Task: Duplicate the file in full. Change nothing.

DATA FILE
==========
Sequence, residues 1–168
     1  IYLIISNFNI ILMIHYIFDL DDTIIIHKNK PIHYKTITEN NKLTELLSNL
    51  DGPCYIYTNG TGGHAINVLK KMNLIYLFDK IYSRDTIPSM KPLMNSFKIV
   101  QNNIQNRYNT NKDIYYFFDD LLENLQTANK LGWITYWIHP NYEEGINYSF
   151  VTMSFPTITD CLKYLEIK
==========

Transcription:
Sequence, residues 1–168
     1  IYLIISNFNI ILMIHYIFDL DDTIIIHKNK PIHYKTITEN NKLTELLSNL
    51  DGPCYIYTNG TGGHAINVLK KMNLIYLFDK IYSRDTIPSM KPLMNSFKIV
   101  QNNIQNRYNT NKDIYYFFDD LLENLQTANK LGWITYWIHP NYEEGINYSF
   151  VTMSFPTITD CLKYLEIK